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What is Sukuk Bond?

Sharia-compliant fixed-income capital markets instruments, also known as sukuk in Arabic and sometimes incorrectly referred to as 'Islamic bonds,' have steadily increased their share of global markets over the last decade.

Sukuk are financial products whose terms and structure are Sharia-compliant, with the goal of producing returns comparable to those of traditional fixed-income instruments such as bonds. In contrast to a conventional bond (secured or unsecured), which represents the issuers debt obligation, a sukuk technically represents an interests in an underlaying funding arrangement structured according to Sharia, entitling the holder to a proportionate share of the returns generated by such arrangement and, at a specified future date, the return of the capital. By writing this Blog Dhanguard will enhance you with more knowledge in Sukuk Bond

In general, sharia compliance entails the following:

  • Profits from these funding arrangements must be derived solely from commercial risk-taking and trading
  • All forms of conventional interest income are prohibited
  • The assets subject to the funding arrangement must be permissible in their own right (halal)

The overall risk profile and economic return for the investor are similar to that of a conventional bond in which the bondholder is a debtor of the issuer.

Kinds of Sukuk

Sukuk issued in global capital markets have primarily been structured as trust certificates governed by English law. Some civil-law jurisdictions that do not recognize the concept of trust have issued sukuk structured as participating notes in accordance with legislation similar to that used for asset-backed securities.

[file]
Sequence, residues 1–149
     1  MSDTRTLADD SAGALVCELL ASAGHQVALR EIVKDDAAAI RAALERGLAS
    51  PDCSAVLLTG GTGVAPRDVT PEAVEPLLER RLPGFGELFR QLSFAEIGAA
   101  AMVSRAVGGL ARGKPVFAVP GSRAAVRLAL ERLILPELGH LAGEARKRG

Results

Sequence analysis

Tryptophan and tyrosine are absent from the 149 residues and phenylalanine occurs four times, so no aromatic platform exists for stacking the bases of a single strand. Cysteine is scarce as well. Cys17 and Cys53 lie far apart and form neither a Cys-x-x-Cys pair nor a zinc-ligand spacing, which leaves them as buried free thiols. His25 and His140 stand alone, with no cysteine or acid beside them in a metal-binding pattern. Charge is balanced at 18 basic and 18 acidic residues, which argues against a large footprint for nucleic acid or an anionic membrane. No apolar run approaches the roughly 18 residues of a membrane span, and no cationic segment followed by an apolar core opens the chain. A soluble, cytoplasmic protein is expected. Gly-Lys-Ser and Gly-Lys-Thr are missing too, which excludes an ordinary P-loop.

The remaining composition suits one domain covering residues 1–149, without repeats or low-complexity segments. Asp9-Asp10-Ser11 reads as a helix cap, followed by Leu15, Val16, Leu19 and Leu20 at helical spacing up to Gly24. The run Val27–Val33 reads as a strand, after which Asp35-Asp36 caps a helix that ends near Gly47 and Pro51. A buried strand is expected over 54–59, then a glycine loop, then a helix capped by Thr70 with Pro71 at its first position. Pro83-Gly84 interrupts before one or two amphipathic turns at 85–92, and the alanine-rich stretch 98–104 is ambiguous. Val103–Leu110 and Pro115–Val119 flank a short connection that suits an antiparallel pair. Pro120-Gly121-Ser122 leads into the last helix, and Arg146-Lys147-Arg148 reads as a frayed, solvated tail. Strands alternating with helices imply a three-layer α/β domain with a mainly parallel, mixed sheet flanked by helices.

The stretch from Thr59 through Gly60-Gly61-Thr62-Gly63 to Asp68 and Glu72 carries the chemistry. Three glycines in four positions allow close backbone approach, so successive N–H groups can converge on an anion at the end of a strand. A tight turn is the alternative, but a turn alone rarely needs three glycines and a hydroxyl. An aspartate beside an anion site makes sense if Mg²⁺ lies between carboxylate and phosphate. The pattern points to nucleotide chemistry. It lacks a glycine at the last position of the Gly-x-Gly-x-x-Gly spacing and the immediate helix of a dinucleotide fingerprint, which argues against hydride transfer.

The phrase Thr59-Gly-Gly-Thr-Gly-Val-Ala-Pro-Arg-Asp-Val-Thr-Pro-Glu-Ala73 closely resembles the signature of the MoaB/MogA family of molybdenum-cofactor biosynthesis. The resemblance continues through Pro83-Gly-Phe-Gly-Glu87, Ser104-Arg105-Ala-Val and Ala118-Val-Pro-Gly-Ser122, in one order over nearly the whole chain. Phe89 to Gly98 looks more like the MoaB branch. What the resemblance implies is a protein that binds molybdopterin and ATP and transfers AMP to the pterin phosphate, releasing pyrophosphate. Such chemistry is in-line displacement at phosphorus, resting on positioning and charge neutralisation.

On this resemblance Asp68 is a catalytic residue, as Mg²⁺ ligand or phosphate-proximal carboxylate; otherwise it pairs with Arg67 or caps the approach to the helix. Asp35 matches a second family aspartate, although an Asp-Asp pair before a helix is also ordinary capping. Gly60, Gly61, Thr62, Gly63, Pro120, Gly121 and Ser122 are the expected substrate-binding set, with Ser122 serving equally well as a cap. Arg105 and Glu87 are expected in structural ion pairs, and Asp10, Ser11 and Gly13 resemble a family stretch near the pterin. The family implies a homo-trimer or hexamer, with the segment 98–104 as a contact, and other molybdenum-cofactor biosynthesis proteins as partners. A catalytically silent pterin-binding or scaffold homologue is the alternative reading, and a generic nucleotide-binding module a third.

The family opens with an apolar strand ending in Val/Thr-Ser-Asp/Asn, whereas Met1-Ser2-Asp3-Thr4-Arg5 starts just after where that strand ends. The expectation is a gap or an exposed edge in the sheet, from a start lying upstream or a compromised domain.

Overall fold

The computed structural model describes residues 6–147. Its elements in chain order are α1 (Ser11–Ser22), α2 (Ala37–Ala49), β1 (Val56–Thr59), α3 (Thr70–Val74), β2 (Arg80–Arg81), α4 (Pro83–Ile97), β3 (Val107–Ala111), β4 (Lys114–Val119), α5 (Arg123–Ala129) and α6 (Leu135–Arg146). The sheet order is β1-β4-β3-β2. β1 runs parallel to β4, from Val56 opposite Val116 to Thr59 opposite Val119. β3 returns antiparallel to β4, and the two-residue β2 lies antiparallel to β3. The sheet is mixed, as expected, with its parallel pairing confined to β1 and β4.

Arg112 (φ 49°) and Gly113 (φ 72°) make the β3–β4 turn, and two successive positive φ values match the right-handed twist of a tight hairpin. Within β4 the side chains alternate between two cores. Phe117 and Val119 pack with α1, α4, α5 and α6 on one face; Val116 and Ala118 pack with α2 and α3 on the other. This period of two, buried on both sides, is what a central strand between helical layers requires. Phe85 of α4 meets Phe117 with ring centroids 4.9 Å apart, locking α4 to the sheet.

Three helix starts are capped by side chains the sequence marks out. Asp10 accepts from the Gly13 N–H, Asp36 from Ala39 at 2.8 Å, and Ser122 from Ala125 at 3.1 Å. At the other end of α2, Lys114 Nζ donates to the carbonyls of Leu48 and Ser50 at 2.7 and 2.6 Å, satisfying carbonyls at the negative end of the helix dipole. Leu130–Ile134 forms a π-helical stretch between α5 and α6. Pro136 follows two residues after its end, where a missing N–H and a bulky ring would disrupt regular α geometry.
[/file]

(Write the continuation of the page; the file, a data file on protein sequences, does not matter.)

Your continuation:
Trust Certificates

In a typical trust certificate transaction, the entity seeking funds (the obligor) will establish an orphan offshore special-purpose vehicle (SPV) in an appropriate jurisdiction. The SPV sells trust certificates to investors and uses the proceeds to enter into a funding arrangement with the obligor, and the SPVs rights as financier are held in an English law trust in favor of the certificate holders.

Alternative Civil-law Structures

The above trust certificate structure requires that the concept of trust be recognized in the relevant jurisdiction where the obligor is located. This is very rarely case in many jurisdictions, particularly those of the civil-law tradition. As a result, alternative structures for carrying out sukuk transactions in accordance with local laws have begun to emerge.

Turkey, which has passed specific legislation to allow the use of sukuk, is an interesting example of trend. This legislation permitted the formation of asset-leasing companies, which are a type of SPV regulated by Turkey’s Capital Markets Board.

These asset-leasing companies are specifically formed to be able to issue certificates to investors through an ijara structure, allowing the asset-leasing companies to purchase assets and lease them back to the obligor.

Credit risk for Investors

Despite the fact that the sukuk is issued by an orphan SPV, the investors is not typically exposed solely to the credit risk of that SPV. On the contrary, today’s typical sukuk transactions are primarily designed to expose the investors to the obligor’s credit risk.

Potential investors must consider whether the sukuk only provides recourse to the obligoror also to a separate segregated estate represented by the assets subject to the funding arrangement underlying the sukuk. In today’s sukuk market, the answer to this fundamental question is not always obvious.

Understanding the true nature of the link between the funding arrangements and the assets to which it relates is critical to understanding the sukuks economic risk and allocation.